By Leon Thompson
October 16, 2012 (San Diego’s East County)--Pat Hurley is the Democratic candidate for State Assembly District 71 (formerly the 77th), a district that holds a huge voter registration advantage for the Republican incumbent Brian Jones. Pat Hurley is the dark horse in this race. As a nonprofit executive, he’s experienced at creating good-paying jobs and helping to transition our region to a green economy. Now in an exclusive interview with ECM, he details his plan for jobs and economic growth, making his case for why voters should pick him as the winner to represent the people of East County.
Q: Both you and your opponent have impressive backgrounds and deep roots in the community. Both of you have campaign websites that make wonderful promises and contain great sounding plans for District 71. So, why should voters vote for a change in representation in Sacramento?
A: “The difference is Brian Jones has a voting record and his votes reflect a disdain for government in general and give a true indication of his priorities. Basically he went to Sacramento and voted “no” on every important piece of legislation. Rubber-stamping everything “nay” in the Assembly may seem like an accomplishment to some in our district but how does that do any good for East County San Diego families?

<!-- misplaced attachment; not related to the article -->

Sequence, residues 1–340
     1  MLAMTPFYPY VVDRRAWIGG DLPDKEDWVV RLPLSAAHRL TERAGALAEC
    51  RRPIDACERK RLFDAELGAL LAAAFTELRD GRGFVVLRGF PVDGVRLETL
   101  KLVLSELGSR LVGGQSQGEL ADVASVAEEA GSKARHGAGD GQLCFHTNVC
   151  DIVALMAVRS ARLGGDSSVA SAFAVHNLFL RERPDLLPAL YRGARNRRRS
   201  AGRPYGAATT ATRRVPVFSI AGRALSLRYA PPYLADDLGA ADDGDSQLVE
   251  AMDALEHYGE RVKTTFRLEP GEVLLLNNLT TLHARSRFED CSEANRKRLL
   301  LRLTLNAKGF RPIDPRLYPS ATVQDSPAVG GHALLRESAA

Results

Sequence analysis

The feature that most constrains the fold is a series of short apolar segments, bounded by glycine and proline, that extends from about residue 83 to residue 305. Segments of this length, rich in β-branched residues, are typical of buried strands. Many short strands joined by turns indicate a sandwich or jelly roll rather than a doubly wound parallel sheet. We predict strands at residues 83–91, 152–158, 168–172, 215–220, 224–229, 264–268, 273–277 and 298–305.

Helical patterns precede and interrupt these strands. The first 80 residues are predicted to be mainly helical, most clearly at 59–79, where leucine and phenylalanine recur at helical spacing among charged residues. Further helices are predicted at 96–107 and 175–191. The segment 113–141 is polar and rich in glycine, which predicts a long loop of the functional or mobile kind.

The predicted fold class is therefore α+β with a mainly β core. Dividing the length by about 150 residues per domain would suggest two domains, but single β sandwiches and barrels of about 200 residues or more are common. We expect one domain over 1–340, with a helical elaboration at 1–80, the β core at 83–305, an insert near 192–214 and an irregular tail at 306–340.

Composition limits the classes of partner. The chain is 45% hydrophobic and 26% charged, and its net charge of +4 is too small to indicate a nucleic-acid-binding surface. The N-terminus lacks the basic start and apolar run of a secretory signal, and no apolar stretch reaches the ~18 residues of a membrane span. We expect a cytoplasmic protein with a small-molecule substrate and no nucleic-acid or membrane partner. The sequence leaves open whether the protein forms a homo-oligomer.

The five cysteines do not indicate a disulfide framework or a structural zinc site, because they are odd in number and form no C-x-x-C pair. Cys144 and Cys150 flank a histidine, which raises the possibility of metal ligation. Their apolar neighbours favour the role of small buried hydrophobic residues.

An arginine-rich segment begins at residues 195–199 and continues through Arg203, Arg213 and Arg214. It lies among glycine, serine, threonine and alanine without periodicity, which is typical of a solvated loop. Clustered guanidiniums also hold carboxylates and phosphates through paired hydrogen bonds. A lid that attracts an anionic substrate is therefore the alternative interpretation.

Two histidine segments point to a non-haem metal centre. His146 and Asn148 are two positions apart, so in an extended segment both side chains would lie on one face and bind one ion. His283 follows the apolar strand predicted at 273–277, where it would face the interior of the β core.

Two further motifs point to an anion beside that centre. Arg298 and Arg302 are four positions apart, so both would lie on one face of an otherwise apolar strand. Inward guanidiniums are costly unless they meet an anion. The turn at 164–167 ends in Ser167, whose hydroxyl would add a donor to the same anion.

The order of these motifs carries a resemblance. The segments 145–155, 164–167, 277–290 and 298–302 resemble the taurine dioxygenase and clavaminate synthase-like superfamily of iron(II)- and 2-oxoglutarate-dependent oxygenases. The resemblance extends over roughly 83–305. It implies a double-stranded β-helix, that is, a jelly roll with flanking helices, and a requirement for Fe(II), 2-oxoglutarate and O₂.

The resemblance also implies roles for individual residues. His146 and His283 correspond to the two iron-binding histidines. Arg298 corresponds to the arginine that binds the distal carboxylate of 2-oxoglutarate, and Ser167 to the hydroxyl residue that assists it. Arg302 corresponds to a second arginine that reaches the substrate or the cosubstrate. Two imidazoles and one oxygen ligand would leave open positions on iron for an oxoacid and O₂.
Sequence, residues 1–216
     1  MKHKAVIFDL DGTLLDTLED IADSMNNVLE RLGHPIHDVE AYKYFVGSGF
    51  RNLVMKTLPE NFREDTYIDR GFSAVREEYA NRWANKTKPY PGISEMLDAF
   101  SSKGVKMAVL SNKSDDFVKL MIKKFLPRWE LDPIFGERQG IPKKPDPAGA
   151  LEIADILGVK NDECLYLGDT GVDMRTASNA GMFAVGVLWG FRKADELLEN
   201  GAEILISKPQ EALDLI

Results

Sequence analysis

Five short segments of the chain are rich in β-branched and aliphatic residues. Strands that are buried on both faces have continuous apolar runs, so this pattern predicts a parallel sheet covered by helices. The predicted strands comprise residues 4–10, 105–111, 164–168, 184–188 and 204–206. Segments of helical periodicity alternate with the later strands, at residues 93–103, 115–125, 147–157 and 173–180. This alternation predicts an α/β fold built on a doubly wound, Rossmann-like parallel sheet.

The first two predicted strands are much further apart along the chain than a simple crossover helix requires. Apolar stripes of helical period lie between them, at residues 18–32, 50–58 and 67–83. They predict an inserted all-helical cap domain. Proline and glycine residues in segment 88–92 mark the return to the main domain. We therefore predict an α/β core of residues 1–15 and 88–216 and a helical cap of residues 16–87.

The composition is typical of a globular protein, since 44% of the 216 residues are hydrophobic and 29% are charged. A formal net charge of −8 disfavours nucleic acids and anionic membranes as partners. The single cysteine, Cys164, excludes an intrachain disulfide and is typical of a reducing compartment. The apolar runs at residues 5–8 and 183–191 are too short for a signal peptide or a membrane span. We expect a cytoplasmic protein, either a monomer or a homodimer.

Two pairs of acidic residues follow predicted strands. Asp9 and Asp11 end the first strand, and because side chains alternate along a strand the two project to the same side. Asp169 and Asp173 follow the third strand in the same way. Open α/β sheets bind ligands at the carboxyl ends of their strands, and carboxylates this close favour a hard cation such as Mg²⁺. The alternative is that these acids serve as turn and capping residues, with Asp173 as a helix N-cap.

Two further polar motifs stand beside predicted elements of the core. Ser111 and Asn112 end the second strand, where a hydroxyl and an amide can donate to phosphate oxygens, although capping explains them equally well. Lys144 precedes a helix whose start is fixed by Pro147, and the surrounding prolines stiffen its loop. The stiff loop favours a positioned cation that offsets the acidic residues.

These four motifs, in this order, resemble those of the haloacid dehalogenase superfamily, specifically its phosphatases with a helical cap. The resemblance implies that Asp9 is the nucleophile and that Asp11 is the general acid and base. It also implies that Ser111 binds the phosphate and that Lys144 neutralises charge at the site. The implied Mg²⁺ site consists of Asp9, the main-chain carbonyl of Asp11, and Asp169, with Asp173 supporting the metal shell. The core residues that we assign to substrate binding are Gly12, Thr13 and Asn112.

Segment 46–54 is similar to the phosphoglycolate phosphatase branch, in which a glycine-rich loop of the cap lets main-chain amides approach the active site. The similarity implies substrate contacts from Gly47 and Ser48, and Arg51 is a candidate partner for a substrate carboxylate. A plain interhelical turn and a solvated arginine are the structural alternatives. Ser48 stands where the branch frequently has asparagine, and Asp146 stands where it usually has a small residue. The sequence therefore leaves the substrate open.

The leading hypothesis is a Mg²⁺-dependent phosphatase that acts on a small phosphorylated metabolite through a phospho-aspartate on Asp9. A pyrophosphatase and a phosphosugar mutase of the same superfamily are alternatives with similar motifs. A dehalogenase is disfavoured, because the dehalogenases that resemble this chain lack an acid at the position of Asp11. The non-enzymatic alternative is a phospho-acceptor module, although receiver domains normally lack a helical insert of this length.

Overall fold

El Cajon has the highest unemployment rate in the County, he voted “no” on every piece of legislation that would have created jobs. California schools have dropped from first in the nation to 49th – he voted “no” on every measure that would have improved educational opportunities in California.
He supports Proposition 32, which would weaken workers rights to representation in the workplace. How does that help working families? Besides that, he had opportunities to vote for women’s rights and opposed them.
And although our backcountry is tinder-dry, he opposes expansion of fire protection.”
Q: Astoundingly, your opponent voted no or declined to vote on all—100%-- of the significant legislation proposed in Sacramento, as identified by the nonpartisan Project VoteSmart. http://votesmart.org/candidate/key-votes/70781/brian-jones#.UHxYqm_A_Si Had you been in the Assembly for the last two years – how would things be different?
“Some in the Assembly run on the idea that government is the problem and that government does not work – then when elected set about to prove it. They call it starving the beast. My opponent’s position is that lowering taxes and relaxing regulations will solve all our problems. So he sponsored a ‘Jobs Fair’ in the District and battled to defend us taxpayers against tax increases in Sacramento. Essential public services (like education) are sacrificed to after-tax profits for the few.